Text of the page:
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More Than 1,000 UK Restaurants Closed in the Last 12 Months

The long shadow of COVID-19, coupled with price rises from Brexit and Russia’s invasion of Ukraine, has left 1400 unable to hold on

A restaurant with the words F.Cooke above, the windows covered in plywood boards
F. Cooke in Broadway Market, boarded up after its closure.
Michaël Protin

The number of UK restaurant insolvencies in the past year has risen 64 percent on the previous 12 months, as the expected long aftershock of the COVID-19 pandemic combines with price rises from Brexit and Russia’s invasion of Ukraine.

1,406 restaurants closed, in comparison to 856, with 431 of those closures coming in the last three months, according to research by accountancy firm UHY Hacker Young. The rise has steepened since March 2022, when government protections against back rent owed to landlords expired. While any debts accrued in the “protected period” — which for England was 20 March 2020 to 21 June 2021 — were ring-fenced and must be referred to an arbitrator by both landlord and tenant, landlords were no longer barred from taking action on unpaid rent from outside of that period.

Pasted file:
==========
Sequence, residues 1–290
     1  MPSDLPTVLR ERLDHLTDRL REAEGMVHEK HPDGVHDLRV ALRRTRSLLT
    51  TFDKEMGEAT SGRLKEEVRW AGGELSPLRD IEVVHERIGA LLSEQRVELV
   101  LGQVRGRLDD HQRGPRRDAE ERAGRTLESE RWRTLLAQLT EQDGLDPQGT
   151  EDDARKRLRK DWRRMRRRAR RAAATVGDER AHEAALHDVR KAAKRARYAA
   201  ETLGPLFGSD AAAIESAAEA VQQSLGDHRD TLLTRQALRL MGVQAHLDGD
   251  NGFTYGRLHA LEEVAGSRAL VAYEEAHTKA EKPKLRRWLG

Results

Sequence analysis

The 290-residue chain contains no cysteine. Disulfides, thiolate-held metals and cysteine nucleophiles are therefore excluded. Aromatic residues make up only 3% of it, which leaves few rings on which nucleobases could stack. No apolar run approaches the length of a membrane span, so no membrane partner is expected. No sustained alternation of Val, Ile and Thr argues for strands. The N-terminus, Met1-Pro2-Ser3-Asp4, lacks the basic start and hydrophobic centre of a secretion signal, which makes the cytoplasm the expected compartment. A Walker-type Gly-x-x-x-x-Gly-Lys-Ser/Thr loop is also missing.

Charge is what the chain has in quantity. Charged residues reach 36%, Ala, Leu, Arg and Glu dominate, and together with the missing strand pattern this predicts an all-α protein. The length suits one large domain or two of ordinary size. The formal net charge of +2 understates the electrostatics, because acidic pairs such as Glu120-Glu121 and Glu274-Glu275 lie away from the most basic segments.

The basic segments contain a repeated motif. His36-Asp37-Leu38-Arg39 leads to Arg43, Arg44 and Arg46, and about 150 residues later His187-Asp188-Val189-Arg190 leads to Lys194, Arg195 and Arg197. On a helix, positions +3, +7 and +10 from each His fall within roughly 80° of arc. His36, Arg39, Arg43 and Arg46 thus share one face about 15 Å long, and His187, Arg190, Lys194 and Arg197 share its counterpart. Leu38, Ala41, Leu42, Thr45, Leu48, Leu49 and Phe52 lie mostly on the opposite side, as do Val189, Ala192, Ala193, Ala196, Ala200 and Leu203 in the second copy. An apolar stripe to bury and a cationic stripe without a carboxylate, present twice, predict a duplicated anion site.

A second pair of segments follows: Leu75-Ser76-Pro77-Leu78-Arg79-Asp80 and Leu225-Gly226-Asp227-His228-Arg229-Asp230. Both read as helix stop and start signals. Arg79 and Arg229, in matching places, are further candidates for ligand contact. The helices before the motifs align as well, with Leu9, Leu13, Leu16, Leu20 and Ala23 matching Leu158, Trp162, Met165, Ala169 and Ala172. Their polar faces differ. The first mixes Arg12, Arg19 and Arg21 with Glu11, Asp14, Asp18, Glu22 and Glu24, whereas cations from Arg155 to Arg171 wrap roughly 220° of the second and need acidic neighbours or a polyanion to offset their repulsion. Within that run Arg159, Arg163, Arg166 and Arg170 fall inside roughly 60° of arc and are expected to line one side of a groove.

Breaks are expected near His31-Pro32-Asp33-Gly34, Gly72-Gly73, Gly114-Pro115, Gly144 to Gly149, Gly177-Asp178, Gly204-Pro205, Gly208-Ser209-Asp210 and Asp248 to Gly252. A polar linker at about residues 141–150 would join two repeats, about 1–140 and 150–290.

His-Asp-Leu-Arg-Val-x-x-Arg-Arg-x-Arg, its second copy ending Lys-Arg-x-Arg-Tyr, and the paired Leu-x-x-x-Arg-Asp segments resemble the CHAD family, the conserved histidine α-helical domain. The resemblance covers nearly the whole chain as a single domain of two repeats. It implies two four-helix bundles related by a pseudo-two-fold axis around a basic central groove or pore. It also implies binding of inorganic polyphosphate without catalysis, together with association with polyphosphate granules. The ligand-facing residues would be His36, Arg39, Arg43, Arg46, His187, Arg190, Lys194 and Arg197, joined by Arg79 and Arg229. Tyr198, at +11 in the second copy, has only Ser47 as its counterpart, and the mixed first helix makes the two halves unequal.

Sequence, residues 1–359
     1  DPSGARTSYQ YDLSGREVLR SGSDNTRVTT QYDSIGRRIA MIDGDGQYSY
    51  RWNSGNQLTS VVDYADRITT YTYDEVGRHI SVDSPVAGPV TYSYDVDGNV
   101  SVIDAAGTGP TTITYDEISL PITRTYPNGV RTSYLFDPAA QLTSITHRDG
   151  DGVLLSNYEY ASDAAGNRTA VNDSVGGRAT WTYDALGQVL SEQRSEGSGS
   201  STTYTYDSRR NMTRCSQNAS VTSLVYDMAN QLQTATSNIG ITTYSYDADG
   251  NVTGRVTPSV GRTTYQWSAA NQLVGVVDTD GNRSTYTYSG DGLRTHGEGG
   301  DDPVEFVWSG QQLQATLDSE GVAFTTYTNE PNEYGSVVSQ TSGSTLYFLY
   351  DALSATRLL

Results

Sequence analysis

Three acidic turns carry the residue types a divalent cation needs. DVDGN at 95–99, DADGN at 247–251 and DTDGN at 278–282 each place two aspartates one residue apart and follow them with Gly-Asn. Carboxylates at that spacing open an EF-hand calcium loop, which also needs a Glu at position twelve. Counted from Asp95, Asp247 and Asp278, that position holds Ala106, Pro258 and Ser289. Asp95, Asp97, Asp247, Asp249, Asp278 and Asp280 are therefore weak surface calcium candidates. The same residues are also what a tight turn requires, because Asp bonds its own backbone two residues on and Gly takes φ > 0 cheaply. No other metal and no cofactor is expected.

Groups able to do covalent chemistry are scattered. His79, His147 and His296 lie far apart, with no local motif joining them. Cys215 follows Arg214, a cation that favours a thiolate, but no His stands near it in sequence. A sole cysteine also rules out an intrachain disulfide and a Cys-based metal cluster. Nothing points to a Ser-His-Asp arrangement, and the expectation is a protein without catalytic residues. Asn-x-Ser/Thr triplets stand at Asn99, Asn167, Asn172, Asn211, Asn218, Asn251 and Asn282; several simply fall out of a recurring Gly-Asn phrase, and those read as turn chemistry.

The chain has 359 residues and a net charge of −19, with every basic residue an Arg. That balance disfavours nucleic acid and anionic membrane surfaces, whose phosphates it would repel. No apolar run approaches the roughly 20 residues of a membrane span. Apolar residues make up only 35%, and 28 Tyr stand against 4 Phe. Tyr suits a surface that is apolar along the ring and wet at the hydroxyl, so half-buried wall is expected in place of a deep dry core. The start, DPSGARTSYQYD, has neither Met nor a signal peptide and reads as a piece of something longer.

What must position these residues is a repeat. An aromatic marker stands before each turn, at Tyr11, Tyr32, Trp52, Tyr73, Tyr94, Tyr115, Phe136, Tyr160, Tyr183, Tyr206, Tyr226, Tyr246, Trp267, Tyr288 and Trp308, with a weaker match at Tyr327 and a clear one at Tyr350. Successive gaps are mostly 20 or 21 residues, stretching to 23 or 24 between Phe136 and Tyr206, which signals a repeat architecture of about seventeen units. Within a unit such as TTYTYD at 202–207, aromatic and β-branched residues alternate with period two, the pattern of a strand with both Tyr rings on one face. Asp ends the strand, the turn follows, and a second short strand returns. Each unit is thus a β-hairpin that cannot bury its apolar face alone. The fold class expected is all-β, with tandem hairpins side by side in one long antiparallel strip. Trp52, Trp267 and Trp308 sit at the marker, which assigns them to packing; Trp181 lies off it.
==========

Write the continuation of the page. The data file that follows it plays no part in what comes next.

Those repayments, as well as repayments for business loans taken out at the height of the pandemic, were factored into restaurants’ calculations for some time — forming part of their outgoings as soon as they were able to reopen fully. VAT also returned to 20 percent from 5 percent (via a period at 12.5 percent) in April 2022. Restaurants had prepared for these increased costs. They knew they were coming.

They didn’t know the soaring energy and ingredient prices were coming — the former a particular problem because, unlike households, there is no price cap on commercial energy bills. And it’s not just that prices have risen — whether for ingredients, energy, or less obvious things like cooking oil. Inflation hitting 9 percent in April of this year has also depressed customer spending, demolishing a predicted £12 billion increase in hospitality revenues whose figures were calculated before Russa invaded Ukraine, putting huge pressure on oil and gas prices and secondarily driving up the costs of other products.

More soon on how these financial crises are affecting London restaurants.

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